Today I’m taking part in the blog tour for The Woman Who Knew Faces. I’m sharing an extract from the book with thanks to Zoe O’Farrell for inviting me on the tour and to the author for my copy of the extract.
One tenacious cop. One amazing artist.
There’s a big operation underway and DS Karen Thorpe is feeling left out.
Then she meets Emma, with the talent of memorising faces, and Karen’s
reenergised with her potential crime-solving contribution.
But she’s not the only one.
A body turns up. Karen’s finally called up to work with the Met on the operation.
But Emma’s gone missing.
Is it connected? Where is she? Who can she trust?
It’s a race against time as the new team try to catch a major crime ring
before they can carry out their horrific activities.
Emma sat in court, unknown, unremarkable. Long brown hair scraped back in a ponytail, black-rimmed glasses, and like everyone else, she was staring at the defendant with her blue-grey eyes. But unlike the rest of them, she was also looking at the barristers, the judge, and the clerk of the court.
The clerk today was a slender man, shorter than medium height with thinning brown hair, grey eyes, and a slightly too red nose. He didn’t matter. Nobody cared what he looked like at all.
When the session broke up for whatever reason, that was when Emma self-animated. Today was a normal lunch break. Scuttling to the small room at the back of the court building, she efficiently unfolded her well-organised case to reveal a bottom drawer of pencils and a spectrum of coloured pastels. In the lid was a pad of thick acid-free cartridge paper.
She had thirty minutes to get the main characters down on paper. All faces came to her quickly but she had to capture these in her mind instantly. She couldn’t know if they would be posing for a long or short time. She never listened to what was going on for fear of getting distracted. Her only task was to memorise the faces of the people in the court.
Today was going to be easy for her. It was the second day of the case and she already knew the prosecuting and defending barristers. She could draw them with her eyes shut. The defendant, being a new face, was likely to be a little harder until she realised she’d already caught him the day before, standing outside the courthouse.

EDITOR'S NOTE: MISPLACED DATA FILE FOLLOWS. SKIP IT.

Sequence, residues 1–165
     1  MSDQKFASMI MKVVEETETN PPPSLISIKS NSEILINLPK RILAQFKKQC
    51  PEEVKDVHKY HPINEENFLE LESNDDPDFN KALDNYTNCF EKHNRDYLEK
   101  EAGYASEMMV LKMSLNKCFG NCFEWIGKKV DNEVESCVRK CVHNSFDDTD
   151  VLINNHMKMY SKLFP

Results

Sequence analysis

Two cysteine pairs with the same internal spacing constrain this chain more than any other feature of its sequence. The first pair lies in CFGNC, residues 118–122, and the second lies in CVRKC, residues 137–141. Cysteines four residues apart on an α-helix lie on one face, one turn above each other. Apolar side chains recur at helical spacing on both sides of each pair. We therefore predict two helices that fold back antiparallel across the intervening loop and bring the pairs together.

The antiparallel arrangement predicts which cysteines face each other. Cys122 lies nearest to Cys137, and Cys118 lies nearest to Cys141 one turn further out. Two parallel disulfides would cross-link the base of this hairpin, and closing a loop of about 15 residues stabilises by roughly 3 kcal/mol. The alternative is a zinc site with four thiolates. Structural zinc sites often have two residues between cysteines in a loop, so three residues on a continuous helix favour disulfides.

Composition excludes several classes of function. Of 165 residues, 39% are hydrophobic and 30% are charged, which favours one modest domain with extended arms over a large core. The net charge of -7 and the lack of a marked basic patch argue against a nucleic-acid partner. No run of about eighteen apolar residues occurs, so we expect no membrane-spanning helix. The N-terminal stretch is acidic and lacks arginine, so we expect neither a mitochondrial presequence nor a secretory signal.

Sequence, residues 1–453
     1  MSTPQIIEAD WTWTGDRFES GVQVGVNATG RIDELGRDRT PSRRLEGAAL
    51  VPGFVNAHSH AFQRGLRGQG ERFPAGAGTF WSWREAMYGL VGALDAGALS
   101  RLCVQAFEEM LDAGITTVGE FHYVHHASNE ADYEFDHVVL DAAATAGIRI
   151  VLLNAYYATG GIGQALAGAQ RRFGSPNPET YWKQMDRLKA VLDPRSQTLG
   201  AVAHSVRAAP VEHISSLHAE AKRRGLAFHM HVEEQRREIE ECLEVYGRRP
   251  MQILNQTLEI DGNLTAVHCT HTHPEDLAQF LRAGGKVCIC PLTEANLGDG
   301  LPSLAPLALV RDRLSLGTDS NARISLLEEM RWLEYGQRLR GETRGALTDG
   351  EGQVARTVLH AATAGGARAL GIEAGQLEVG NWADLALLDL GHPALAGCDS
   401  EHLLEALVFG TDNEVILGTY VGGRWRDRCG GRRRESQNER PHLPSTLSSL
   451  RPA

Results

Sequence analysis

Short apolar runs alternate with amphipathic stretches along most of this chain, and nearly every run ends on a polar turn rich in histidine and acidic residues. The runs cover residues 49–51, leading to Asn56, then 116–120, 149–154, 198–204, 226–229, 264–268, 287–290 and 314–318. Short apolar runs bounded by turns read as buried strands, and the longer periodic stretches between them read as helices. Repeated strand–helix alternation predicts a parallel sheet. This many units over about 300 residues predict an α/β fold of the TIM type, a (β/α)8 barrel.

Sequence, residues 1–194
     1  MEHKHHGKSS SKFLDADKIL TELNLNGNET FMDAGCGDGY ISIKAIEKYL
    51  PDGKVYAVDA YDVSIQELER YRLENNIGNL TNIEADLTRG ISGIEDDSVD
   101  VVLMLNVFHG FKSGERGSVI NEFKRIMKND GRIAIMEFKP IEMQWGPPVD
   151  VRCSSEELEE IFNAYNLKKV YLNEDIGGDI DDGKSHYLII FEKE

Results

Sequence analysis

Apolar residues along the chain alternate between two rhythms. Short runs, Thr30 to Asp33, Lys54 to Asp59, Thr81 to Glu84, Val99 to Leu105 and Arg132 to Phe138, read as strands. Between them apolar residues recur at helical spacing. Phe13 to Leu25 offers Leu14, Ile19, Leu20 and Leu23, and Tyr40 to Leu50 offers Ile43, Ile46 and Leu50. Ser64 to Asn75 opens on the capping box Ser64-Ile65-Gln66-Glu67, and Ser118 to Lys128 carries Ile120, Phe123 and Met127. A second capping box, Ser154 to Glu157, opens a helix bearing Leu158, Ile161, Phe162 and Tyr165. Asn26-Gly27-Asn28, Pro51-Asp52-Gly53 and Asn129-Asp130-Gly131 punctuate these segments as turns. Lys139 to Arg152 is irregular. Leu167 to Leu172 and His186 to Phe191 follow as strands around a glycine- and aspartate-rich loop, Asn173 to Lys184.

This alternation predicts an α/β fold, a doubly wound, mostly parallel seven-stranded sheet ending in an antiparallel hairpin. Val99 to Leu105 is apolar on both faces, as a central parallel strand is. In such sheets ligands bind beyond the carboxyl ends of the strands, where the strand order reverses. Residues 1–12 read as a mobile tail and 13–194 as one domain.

Through the open door, her eye was drawn to a young woman. Not one of the normally gawping mob, this woman had looked as if she was in pain. Emma fleetingly wondered what she was doing there but it wasn’t important to her. She stayed in the room and sketched until the young woman’s image emerged from the paper. She knew when she’d got it right. She could almost place the picture in her mind’s eye across the drawing in front of her and align it perfectly.
Emma often used her spare time to practice. Today, it was members of the public sitting in the gallery. That was a challenge. They were further away, their faces often obscured by other people sitting around them. If there was time, she would wait around the main hall of the court to watch them leave. Then she would mark herself for accuracy. Sometimes if she was between cases she would bring and read one of the books her mother bought her. But there wasn’t enough time today.
She was done. She looked at her digital watch and waited for the numbers to click over to 13:30. Satisfied, Emma went outside to the nearby café to pick up her usual lunch kept aside for her by one of the staff. A regular cheese sandwich – no mayo – and a cup of tea. She would stay there until 13:50 precisely.
When court finished that day, Emma lingered briefly around the entrance. She had no deadline to work to. The TV company hadn’t emailed her so no courier was waiting, and she had fifteen minutes before the bus was due.
Always engaged with her surroundings, she looked around to see if she could spot the woman she’d noticed earlier. She scanned the people coming down the stairs from the gallery; not there. There was no sign of her anywhere. Curious, Emma sat down near the entrance to the ladies toilets in case the woman appeared.
At 16:22 the woman emerged through the door of the ladies toilet. She looked so distressed Emma had to stare at her to check the likeness. This happened when people on the stand got too emotional. When it did, she would have to try to find them in a more normal composure later to verify her accuracy. Here there was no opportunity. The woman rushed past her and out of the court building without stopping.
The Woman Who Knew Faces is available from Amazon.
You can follow the rest of the blog tour here: